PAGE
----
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A brief look at the WS-* framework Josh Howlett, JANET(UK) TF-EMC2 Prague, September 2007.

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Presentation on theme: "A brief look at the WS-* framework Josh Howlett, JANET(UK) TF-EMC2 Prague, September 2007."— Presentation transcript:

1 A brief look at the WS-* framework Josh Howlett, JANET(UK) TF-EMC2 Prague, September 2007.

2 SAML 2.0 overview A single monolithic framework: “top down”

3 WS-* for federation overview A composable framework: “bottom up”

4 Relevant WS-* specifications WS-Security –OASIS standard –Defines mechanisms to construct security protocols. How to sign, validate and encrypt messages. How to bind security tokens to SOAP messages. –Intended to be sufficiently flexible to use a variety of security models and tokens PKI, Kerberos, TLS, etc.

5 Relevant WS-* specifications WS-Trust –Defines protocols to issue, renew and cancel WS- Security tokens. –WS-Trust is agnostic with to the type of token. To WS-Trust, a SAML assertion is just another kind of token. –A requestor acquires a token issued by a security token service (STS), and can present it to a web service. –A requestor learns of a web service’s or STS’ security policy through WS-Policy. –An STS may in turn require some token from another STS for issuing its own tokens; this permits brokering between different trust domains.

6 Relevant WS-* specifications Simple trust brokering across a trust boundary using WS-Trust

7 Relevant WS-* specifications Authorisation of token performed by an authorisation service using WS-Trust

8 Relevant WS-* specifications Constrained delegation using WS-Trust

9 Relevant WS-* specifications WS-Federation –Similarities to SAML 2.0 Metadata –Analogous to SAML 2.0 Metadata; perhaps a bit richer? Sign-Out –Similar to SAML 2.0 Single logout Pseudonym management –Analogous to SAML 2.0 Name Identifier Management & Name Identifier Mapping Authentication types –Analogous to SAML 2.0 “Authentication context”; less rich.

10 Relevant WS-* specifications WS-Federation –Differences to SAML 2.0 No equivalent SAML 2.0 Web SSO Profile –WS-Federation operation analogous to SAML 2.0 ECP. –“Active requestor” versus “Passive requestor” (browser) –WS-Federation Passive Requestor Profile defines “front- channel” bindings. No equivalent SAML 2.0 Attribute Profile –But WS-Security defines SAML,X509,Kerberos,… tokens No equivalent SAML 2.0 Assertion Query/Request Profile –It’s all WS-Trust security token request/response, irrespective of the type or the purpose of token.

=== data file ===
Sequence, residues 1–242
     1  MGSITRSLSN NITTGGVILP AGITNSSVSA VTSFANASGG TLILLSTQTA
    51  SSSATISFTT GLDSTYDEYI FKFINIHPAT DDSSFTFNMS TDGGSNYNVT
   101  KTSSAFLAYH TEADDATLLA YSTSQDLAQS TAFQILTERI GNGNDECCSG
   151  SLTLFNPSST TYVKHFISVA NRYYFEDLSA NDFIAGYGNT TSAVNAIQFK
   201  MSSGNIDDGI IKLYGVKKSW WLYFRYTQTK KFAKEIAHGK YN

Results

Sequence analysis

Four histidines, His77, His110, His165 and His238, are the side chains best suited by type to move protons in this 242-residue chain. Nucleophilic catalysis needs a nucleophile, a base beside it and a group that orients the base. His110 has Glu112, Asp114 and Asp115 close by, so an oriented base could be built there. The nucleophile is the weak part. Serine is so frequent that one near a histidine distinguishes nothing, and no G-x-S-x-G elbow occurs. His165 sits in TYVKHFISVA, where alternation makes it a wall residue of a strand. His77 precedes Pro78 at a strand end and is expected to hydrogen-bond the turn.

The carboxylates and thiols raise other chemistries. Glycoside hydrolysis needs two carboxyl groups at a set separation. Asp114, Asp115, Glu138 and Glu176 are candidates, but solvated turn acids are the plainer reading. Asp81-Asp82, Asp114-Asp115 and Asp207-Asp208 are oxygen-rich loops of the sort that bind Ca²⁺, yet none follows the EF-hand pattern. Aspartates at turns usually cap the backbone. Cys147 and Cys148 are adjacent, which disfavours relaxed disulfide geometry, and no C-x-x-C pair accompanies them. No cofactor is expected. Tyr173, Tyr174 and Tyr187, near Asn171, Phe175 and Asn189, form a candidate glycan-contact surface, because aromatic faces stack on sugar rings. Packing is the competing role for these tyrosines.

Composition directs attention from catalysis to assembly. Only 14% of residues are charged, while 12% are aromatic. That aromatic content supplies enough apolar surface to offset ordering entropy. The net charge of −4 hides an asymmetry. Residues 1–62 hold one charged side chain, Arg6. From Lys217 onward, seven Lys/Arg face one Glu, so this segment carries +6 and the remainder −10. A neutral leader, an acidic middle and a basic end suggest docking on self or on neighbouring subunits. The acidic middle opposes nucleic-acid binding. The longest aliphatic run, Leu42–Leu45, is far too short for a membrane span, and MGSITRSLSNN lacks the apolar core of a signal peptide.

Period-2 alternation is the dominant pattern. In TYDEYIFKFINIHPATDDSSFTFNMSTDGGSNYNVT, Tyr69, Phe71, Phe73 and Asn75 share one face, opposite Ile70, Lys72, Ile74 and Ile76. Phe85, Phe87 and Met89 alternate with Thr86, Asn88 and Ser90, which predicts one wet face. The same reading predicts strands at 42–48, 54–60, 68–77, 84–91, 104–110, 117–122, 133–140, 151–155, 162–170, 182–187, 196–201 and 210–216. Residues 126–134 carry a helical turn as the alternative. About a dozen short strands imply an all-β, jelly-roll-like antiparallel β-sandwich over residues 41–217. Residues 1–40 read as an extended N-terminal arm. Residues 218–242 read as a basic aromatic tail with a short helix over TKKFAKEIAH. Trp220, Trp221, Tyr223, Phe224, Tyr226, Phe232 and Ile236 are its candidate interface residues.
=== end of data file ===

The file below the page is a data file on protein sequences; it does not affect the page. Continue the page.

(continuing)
11 Relevant WS-* specifications WS-Federation –The Good WS-Federation encompasses identity and web service federation within a single comprehensive framework. –The Bad WS-Federation mimics the SAML 2.0 profiles while failing to profile the interesting use-cases, such as constrained delegation, that it hints at. SAML 2.0 has years of experience behind it –WS-* maturity varies significantly from spec to spec –WS-Federation is particularly hard to understand and contains numerous errors and inconsistencies.

12 Spot the typo!

13 Relevant WS-* specifications WS-Federation –The Ugly WS-Trust fails to address some requirements of federation (ie. privacy) and so WS-Federation has to retrospectively extend WS-Trust SAML 2.0 defines a common request/response protocol model –WS-Federation relies on a variety of dissimilar protocols: WS-Trust (tokens), WS-Transfer & WS- ResourceTransfer (metadata, pseudonym operations), WS-Metadata-Exchange, etc. SAML 2.0 defines common bindings to transport –WS-Federation Passive Requestor: defines protocol- specific bindings & a strong preference for front-channel.



16 Does WS-* matter? Yes –It’s backed by Microsoft and IBM –It tries hard to be a comprehensive framework No –It is too complex –It is too immature –Interoperability will be difficult –It doesn’t appear to solve anything that SAML 2.0 and ID-WSF can’t already do In conclusion –I want to like it… –…but it is not fully baked and it is late to the party –Its best chance of survival is in the SME space

17 Thank you for your attention No questions please, I’ve exhausted my knowledge

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